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Sukhmandir Khalsa

Serial Killer Whale Taliban Terrorist?

By February 26, 2010

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"Free Willy" is the word around our house, or in this case "Free Tili" the serial killer whale Tilikum, who has racked up a body count of three after the tragic death of his trainer Dawn Brancheau.

The Orca, more commonly called the killer whale, is a kind of giant predator dolphin who has earned the nickname by its ruthless method of hunting sea lions. Tilikum is a captive wild creature whose territory is the vast ocean and who naturally lives in a communal pod with other Orcas.  Like Louie Psihoyos, director of "The Cove," a documentary on captive marine animals, and Tippi Hedren, founder of a wildlife rescue organization in California, my own family member's sentiments seem to be that keeping Tilikum isolated in a hundred foot tank at Sea World is paramount to abuse. One asked me, "What would Guru Har Rai do? He loved animals. Wouldn't he want this whale to be released into its natural environment?"

The issue raises questions. Can a wild creature be held accountable for its actions when it acts on instinct?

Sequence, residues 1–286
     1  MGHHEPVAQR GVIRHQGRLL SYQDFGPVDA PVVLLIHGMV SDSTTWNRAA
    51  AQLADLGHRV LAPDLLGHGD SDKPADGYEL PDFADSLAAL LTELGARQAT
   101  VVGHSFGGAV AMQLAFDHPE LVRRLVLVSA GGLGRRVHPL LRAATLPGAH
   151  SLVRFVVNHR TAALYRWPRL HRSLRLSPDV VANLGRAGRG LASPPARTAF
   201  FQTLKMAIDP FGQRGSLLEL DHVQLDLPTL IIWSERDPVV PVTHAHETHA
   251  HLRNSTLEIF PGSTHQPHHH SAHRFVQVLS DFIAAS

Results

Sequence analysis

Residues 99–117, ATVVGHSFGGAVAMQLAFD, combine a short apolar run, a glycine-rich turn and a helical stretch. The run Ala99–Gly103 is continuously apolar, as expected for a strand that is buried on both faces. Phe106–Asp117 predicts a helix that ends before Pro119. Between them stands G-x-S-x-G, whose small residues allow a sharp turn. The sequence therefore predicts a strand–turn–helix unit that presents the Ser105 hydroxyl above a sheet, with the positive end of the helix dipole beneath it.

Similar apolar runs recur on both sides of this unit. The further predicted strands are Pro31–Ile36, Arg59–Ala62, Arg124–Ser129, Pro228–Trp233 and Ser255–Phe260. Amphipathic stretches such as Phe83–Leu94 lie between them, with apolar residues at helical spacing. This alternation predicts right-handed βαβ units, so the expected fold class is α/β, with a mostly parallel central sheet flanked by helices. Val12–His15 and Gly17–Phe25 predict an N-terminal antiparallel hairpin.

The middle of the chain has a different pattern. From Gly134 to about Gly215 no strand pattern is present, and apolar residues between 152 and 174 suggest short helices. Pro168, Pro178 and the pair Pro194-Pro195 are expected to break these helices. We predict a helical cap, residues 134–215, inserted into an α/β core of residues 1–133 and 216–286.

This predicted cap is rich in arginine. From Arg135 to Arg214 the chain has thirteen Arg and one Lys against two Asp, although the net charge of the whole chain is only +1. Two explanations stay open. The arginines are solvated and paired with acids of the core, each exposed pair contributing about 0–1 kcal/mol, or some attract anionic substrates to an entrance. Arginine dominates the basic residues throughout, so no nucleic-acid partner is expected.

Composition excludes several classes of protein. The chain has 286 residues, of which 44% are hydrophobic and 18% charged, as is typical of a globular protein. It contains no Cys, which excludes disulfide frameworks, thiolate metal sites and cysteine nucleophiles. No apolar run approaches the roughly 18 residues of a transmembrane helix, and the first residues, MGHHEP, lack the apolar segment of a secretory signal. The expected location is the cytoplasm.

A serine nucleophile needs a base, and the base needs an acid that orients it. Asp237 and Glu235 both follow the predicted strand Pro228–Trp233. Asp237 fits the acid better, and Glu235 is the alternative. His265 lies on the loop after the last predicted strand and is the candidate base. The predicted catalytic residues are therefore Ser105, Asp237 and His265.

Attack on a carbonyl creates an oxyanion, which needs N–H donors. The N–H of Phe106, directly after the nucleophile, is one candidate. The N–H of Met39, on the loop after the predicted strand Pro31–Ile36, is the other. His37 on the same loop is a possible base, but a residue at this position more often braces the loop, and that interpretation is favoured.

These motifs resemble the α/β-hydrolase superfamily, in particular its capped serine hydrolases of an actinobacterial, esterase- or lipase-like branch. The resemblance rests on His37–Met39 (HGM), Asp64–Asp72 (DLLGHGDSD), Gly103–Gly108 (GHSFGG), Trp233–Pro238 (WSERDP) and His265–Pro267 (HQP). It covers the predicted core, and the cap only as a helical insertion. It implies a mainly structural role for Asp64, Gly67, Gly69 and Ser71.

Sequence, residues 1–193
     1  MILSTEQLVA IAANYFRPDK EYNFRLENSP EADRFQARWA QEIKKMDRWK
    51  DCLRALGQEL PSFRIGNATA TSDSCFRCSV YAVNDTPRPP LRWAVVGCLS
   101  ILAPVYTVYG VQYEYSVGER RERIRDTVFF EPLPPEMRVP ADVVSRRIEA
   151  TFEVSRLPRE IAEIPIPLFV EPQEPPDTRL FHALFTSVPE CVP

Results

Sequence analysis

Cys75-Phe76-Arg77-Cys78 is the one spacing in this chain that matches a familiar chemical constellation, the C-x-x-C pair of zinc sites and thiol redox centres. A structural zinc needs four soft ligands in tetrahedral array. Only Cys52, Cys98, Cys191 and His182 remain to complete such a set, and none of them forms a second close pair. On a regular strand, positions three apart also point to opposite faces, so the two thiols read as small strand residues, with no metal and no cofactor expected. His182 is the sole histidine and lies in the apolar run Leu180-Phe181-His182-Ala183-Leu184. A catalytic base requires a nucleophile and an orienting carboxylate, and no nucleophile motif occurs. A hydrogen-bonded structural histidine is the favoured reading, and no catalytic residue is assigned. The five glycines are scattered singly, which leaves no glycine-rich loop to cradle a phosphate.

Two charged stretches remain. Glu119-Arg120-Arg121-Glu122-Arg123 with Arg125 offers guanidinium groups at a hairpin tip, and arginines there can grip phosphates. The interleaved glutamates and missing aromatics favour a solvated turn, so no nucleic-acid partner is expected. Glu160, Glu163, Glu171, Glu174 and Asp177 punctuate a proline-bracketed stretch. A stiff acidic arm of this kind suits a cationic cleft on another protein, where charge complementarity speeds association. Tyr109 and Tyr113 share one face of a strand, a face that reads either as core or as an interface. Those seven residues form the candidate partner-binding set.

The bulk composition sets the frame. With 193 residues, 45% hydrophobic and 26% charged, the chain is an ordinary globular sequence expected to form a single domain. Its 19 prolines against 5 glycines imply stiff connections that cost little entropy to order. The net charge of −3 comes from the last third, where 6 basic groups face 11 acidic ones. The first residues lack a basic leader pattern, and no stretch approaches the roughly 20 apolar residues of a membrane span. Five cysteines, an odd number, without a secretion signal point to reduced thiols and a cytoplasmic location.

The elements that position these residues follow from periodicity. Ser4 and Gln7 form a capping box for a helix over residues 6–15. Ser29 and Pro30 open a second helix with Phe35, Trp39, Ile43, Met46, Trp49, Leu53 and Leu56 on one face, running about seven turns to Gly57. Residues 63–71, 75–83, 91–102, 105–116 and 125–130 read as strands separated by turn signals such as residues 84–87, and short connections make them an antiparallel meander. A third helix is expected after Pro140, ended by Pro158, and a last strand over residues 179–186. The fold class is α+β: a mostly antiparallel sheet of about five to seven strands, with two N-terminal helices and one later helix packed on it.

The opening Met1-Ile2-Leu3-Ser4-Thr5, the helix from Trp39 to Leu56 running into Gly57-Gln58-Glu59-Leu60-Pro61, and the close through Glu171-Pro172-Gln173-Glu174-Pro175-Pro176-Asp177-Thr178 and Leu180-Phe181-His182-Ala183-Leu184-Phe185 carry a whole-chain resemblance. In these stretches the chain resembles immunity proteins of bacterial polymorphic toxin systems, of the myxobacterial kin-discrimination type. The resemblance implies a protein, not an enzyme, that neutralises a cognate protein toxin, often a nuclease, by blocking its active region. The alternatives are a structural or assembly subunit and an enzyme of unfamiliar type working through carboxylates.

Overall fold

Pondering the situation, my personal thoughts have turned the corner to comparing Tilikum with another serial killer, the Taliban.

Tilikum is a mammal who seemingly gets a thrill from killing.

The Taliban are also mammals and ruthless killers who seem to rejoice in their deeds such as the beheading of Jaspal Singh.

Like Tilikum who terminates anyone who ventures within killing range of his tank, the Taliban seem unwilling to share their territory and demand absolute domination over anyone within it.

Tilikum has victimized three unsuspecting people including his trainer.

The Taliban victimizes indiscriminately, murdering not only Sikhs and Christians, but terrorizing their own people. The vast majority of the Taliban's targets are fellow Muslims.

The serial killings of both Tilikum and the Taliban and what to do about them, involves ethics and tough choices. I can't say what Guru Har Rai would do, but I personally believe that releasing him from captivity and returning him to the ocean is the right thing to do for the 'sea-real' killer whale, Tilikum.

The tougher question is what to do about the Taliban? I respect people who live by their principles but intolerance, subjection and murder cross the line.

When he stood up for the rights of Hindus being forcibly converted to Islam, Guru Teg Bahadar was beheaded by the Taliban's predecessors. When peaceable means failed, Guru Teg Bahadar's son, Guru Gobind Singh, took up the sword and created the order of Khalsa, solider saints who stand up for the oppressed against terror and tyrants.

To me the sword represents the cutting away of excessive ego and its manifest monstrosities of evil.

As a religion, Islam has the greatest numbers of people, the vast majority of whom are peace loving and tolerant. Rather than wage further war between religions and its peoples, I'd like to request a peaceful delegation of the world's Muslims to denounce terror and demand Taliban leaders to turn over its thugs or be prepared for the consequences which Islam itself will deliver.

February 26, 2010 at 4:13 pm
(1) Barb Rolek says: